Generics, PhRMA Tussle Over Medicaid Provision
Generic pharmaceutical companies this week unexpectedly spotted what they describe as a poison pill in the Senate Finance Committee’s budget reconciliation package — and now the industry’s lobbyists are feverishly looking for a legislative cure.
Buried inside the maze of spending cuts included in the chairman’s mark of the package, which won panel approval on Oct. 25, was an increase in the percentage that both generic companies and name-brand drugmakers pay to participate in the Medicaid program.
In order to provide their medicines to Medicaid customers, all drug companies have to sign up with the Centers for Medicare and Medicaid Services and agree to pay a percentage of their drugs’ costs back to the government. Currently, generics pay 11 percent of the wholesale price of their pills, while name-brand makers pay 15.1 percent.
But the Finance Committee’s package would raise both to 17 percent — a move that generic manufacturers say could drive them out of the Medicaid system, which would in turn promote higher drug prices.
Not surprisingly, generics lobbyists are quick to point the finger to their rival, the big pharmaceutical companies. Several sources in the generic industry said that name-brand companies such as Pfizer have pushed for the past four years for such parity in the states. (A Pfizer spokeswoman did not return a call for comment.)
Kathleen Jaeger, chief executive of the Generic Pharmaceutical Association, said the issue came up the night before the Senate Finance Committee markup earlier this week.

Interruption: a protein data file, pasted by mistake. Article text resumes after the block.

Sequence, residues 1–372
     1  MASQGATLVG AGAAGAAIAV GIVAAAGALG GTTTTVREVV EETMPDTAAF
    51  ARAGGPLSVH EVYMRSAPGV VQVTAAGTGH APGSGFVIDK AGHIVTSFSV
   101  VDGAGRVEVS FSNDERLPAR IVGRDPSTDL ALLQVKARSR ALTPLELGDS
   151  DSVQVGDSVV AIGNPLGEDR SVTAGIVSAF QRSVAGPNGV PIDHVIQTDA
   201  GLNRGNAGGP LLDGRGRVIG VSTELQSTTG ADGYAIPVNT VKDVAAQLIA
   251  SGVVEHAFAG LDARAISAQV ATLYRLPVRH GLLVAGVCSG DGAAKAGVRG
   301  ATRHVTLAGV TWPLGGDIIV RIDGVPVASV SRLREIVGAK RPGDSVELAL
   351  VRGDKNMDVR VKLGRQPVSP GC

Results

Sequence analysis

“We had not heard that the generic rebate issue” was under consideration, she said. “We had heard that brand industry rebates were being considered.”
She added: “We think, unfortunately, it’s the brand industry pushing this alleged fairness.” Jaeger’s group last year reported spending $560,000 on federal lobbying, compared to the more than $15 million spent last year by the Pharmaceutical Research and Manufacturers of America.
A PhRMA spokesman said that his organization wants any increases to be “fair and equitable” for both brand-name and generic drugs.
In an e-mail, PhRMA’s Ken Johnson wrote: “If a legislative increase in the drug rebate were to occur, it should be fair and equitable across generic and brand-name medicines. But as the Congressional Budget Office has found, increasing Medicaid rebates could discourage and reduce future research and development of new life-saving medicines that low-income Americans rely on to lead healthier, longer lives.”
But PhRMA has not taken an official position on the legislation. An e-mail from a PhRMA spokeswoman said her group is “still reviewing various reconciliation proposals and their impact on patient care.”
But generics industry officials agree that the name-brand drugmakers could absorb a hike in the rebate much better than their own industry could.
Jake Hansen, vice president for government affairs at Barr Pharmaceuticals, a generic drugmaker, said that even the 11 percent rebate on generics sometimes makes companies like his lose money on its products to Medicaid recipients.
If the rebate for generics is raised to 17 percent, Hansen said, the industry will “have to make some hard decisions about [whether we can afford] to participate in the Medicaid program.”
“If they drive companies out — if we decided we weren’t going to participate in Medicaid anymore — then states would have to pay for the branded product,” Hansen added.
In addition, companies that do not leave Medicaid altogether might stop manufacturing some products, thus decreasing competition and also leading to higher pill prices, he said.